Monkey See, Monkey Do

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Parents’ actions often speak louder than words. And, when children observe their parents repeating the same behavior frequently, they tend to copy. (Monkey see, monkey do.) A woman from Placentia, California emulated her mother’s repetitive criminal behavior and followed her lead right into a healthcare fraud scheme because she bought into the lie that fraud is lucrative. (It is, until you get caught.)

 The daughter and four others were involved in the scam masterminded by the mother, who owned a former Covina-based hospice care company. The ringleader purchased the business in late 2007, while under investigation for a separate healthcare fraud case that involved using unlicensed nurses. (She eventually served 54 months in prison following her conviction for that crime.)

 Here’s how the scam went down. The mother and daughter paid recruiters to bring in Medicare and Medi-Cal beneficiaries to the hospice center for evaluation. Nurses then performed a health assessment on the new patients, and regardless of the results, two doctors employed by the business would certify that the patients were terminally ill and in need of hospice services. (That could be earth shattering news for the patient, who didn’t realize they were so sick.)

When Medicare requested audits, personnel at the hospice care center altered medical records to make the government healthcare beneficiaries appear to be sicker than they were. For more than four years, the hospice company submitted nearly $9 million in fraudulent bills to Medicare and California’s Medicaid program, Medi-Cal.

Five individuals in addition to the hospice care owner were prosecuted in this case. The ringleader admitted to her role in the fraud scheme and received a sentence of eight years in prison and must pay more than $7 million in restitution. Her 47-year-old daughter (today’s fraudster) was sentenced to five years of probation. Her healthcare fraud sentence involves home confinement because of her son’s health condition. (She got off easy on the jail time, but must pay back $7.4 million in restitution.)

As for the other co-conspirators, one doctor had his medical license revoked and is currently serving 27 months in prison to be followed by three years of supervised release and the payment of millions of dollars in restitution. The other doctor involved must serve four years in prison and pay back more than a million in restitution. The 74-year-old nurse who recruited patients has pleaded guilty to her role and is waiting to be sentenced. Information concerning another nurse recruiter was unavailable.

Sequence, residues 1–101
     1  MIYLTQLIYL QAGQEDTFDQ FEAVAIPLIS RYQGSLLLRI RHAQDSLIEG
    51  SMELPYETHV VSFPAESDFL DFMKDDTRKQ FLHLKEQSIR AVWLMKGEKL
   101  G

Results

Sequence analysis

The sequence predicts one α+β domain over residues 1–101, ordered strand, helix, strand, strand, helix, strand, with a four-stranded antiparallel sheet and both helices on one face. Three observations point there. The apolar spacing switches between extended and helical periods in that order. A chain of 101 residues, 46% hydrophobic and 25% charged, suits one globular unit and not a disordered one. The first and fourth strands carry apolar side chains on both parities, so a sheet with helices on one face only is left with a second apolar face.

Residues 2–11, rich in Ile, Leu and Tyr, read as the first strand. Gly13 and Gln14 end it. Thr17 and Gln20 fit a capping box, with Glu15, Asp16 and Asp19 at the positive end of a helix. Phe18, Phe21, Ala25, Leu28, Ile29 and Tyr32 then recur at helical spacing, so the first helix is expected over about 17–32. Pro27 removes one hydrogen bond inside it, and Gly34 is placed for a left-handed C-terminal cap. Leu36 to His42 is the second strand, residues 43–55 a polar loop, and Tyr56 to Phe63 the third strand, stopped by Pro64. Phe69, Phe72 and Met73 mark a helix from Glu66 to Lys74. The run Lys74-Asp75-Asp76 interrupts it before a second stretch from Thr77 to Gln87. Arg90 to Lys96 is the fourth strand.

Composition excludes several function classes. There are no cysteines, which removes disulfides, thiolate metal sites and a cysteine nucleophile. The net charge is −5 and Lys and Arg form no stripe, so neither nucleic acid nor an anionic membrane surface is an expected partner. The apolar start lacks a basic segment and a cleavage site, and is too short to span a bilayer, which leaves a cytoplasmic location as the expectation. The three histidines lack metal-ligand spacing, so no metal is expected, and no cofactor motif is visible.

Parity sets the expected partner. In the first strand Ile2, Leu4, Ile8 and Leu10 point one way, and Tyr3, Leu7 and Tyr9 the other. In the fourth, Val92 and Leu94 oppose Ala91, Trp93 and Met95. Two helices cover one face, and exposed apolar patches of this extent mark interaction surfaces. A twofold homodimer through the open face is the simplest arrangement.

Today’s fraudster was old enough to know better than to follow her mother into a criminal lifestyle, but unfortunately family ties usurped her ability to make a good decision. (Maybe you feel sorry for the fraudster because her mom was such a bad parent, but I feel worse for the patients who received fake diagnoses. I’m sure that caused a lot of stress for the patients and their family members.) There’s a lesson in this case – more is caught than taught, so be careful how you behave. Others are definitely watching, especially the government when it comes to fraud.

Today’s “Fraud of the Day” is based on an article entitled, Placentia woman gets probation for aiding fraud: Medicare, Medi-Cal charged end-of-life care for patients not dying,” published by The Orange County Register on November 27, 2017.

A Placentia woman was sentenced Monday to five years of probation for her role in a multi-million-dollar hospice fraud in which Medicare and Medi-Cal were charged for end-of-life care for patients who actually were not dying.

Sharon Patrow, 47, was ordered to spend a year of her probation in home detention, and to pay approximately $7.4 million in restitution, according to the U.S. Attorney’s Office.

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Larry Benson
Larry Benson is currently the Director of Strategic Alliances for Revenue Discovery and Recovery at LexisNexis Risk Solutions. In this role, Benson is responsible for developing partnerships for the tax and revenue and child support enforcement verticals. He focuses on embedded companies that have a need for third-party analytics to enhance their current offerings.